One of VIPERs instruments, originally developed for the Resource Prospector, is a one-meter drill called TRIDENT (The Regolith and Ice Drill for Exploring New Terrain). Building a drill capable of penetrating beneath the moons surface while operating in subzero temperatures has not been an easy task. Lunar regolith is dense and unforgiving. Over the few billion years it became extremely compacted through meteorite impacts, which create shock waves, explains Kris Zacny, the vice president of exploration technologies and principal investigator of VIPERs drill at Honeybee Robotics. And, if you add ice, it can be harder than concrete.
The biggest problem Apollo encountered during drilling was not actually drilling but pulling the drill out of the hole, Zacny says. Regolith is so compacted that it jammed the auger flutes. In fact, during the Apollo 15 mission, Commander David Scott sprained his shoulder while prying out the Apollo Lunar Surface Drill to obtain a core sample.
Machinistswhen drilling a hole in metalhave the same problem; thats why they developed so-called pecking, says Zacny. Peck drilling involves plunging the drill bit into metal some short distance and then retracting it to the surface to remove chips.
TRIDENT will do the same, drilling down 10 centimeters then retracting to bring back bites of regolith to the surface for study before drilling into the next 10 centimeters. Engineers say this approach has multiple advantages. For starters, since each sample comes from a known depth interval, the subsurface stratigraphy can be more easily preserved and studied. Also, the drill has time to cool off between bites, helping to ensure that the drill doesnt get so hot that it melts ice samples before they can be extracted.
On VIPER, the entire sampling system has been significantly simplified. We are no longer delivering samples to instruments (as is done on Curiosity, for example), but instead we are placing regolith on the surface, says Zacny. The drill has a spout through which the regolith gravity-flows onto the surface forming a cone. The side of the cone is viewed by the MSolo Mass Spectrometer and NIRVSS Infrared Spectrometer. These two instruments provide volatile and mineralogical data.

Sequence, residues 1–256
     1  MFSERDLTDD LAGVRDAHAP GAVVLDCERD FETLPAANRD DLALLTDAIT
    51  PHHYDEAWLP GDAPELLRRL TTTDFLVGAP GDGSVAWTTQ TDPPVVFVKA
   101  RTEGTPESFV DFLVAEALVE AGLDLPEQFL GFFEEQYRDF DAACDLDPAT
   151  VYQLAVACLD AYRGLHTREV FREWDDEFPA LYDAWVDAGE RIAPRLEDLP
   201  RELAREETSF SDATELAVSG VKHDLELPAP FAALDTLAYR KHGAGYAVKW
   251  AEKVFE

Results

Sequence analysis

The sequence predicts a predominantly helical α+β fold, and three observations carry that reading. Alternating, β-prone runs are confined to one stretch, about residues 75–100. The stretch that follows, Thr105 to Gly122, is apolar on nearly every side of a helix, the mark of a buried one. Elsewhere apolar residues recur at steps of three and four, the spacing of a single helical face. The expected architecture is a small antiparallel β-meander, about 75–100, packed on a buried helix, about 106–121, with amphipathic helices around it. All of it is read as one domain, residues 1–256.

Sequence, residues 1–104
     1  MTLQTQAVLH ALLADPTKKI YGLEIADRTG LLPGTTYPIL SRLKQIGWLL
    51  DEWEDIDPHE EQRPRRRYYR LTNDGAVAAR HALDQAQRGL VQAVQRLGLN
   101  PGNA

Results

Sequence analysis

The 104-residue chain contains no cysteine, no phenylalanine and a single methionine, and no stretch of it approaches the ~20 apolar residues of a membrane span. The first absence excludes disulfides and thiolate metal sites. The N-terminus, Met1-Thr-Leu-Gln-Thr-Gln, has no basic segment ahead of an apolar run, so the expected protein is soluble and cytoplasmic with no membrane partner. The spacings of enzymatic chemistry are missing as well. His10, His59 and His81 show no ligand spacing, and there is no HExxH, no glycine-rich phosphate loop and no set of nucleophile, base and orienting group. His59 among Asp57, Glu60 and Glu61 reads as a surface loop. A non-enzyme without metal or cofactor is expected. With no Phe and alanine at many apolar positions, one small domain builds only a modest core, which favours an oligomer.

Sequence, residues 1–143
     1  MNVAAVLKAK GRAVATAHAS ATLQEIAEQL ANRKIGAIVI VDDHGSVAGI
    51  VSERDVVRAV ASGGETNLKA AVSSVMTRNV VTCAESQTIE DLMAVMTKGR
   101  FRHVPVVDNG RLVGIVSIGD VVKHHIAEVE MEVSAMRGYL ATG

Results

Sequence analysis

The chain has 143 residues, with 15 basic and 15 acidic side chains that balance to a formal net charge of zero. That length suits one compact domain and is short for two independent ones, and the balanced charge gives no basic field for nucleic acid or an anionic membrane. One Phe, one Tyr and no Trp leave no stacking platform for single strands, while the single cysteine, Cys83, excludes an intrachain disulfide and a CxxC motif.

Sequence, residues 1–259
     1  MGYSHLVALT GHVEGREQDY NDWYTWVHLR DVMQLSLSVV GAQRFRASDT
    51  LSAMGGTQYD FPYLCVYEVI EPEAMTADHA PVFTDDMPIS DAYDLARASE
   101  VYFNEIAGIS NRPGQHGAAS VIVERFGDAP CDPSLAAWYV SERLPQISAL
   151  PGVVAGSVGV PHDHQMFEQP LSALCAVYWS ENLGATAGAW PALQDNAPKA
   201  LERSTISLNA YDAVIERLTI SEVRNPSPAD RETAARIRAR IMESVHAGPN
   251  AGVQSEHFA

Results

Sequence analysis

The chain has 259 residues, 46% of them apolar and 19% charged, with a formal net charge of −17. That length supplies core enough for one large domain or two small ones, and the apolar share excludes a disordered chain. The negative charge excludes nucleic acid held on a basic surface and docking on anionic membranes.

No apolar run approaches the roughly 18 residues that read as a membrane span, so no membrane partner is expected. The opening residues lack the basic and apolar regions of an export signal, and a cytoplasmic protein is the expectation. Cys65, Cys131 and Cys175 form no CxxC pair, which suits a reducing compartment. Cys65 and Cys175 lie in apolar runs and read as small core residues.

Since VIPER will spend a lot of time in permanently shadowed regions, it wont be able to rely on solar energy and will have enough power for only 100 days. Future options for prospecting missions might instead use the same technology that generates electricity for NASA deep-space probes that are too far from the sun to generate solar powerfor instance, a rover fitted with a rechargeable battery and a radioisotope thermoelectric generator, which provides electrical power by using heat from the natural radioactive decay of plutonium-238.
Cannon, though, doesnt think that drilling alone will provide the necessary information. Instead, he advocates digging a trench. The trouble with a drill is that, if you drill a hole, how representative are those results in three dimensions? he says. With a trench, youre getting that three-dimensional information that I think is really whats missing so far from our knowledge of the ice.
And, yes, NASA has been developing a rover capable of that kind of work. The Regolith Advanced Surface Systems Operations Robot (RASSOR) is being designed to dig and haul soil. While most rovers are mobile science labs carrying sensitive instruments, NASA describes RASSOR as its blue-collar robot because it does the hard labor.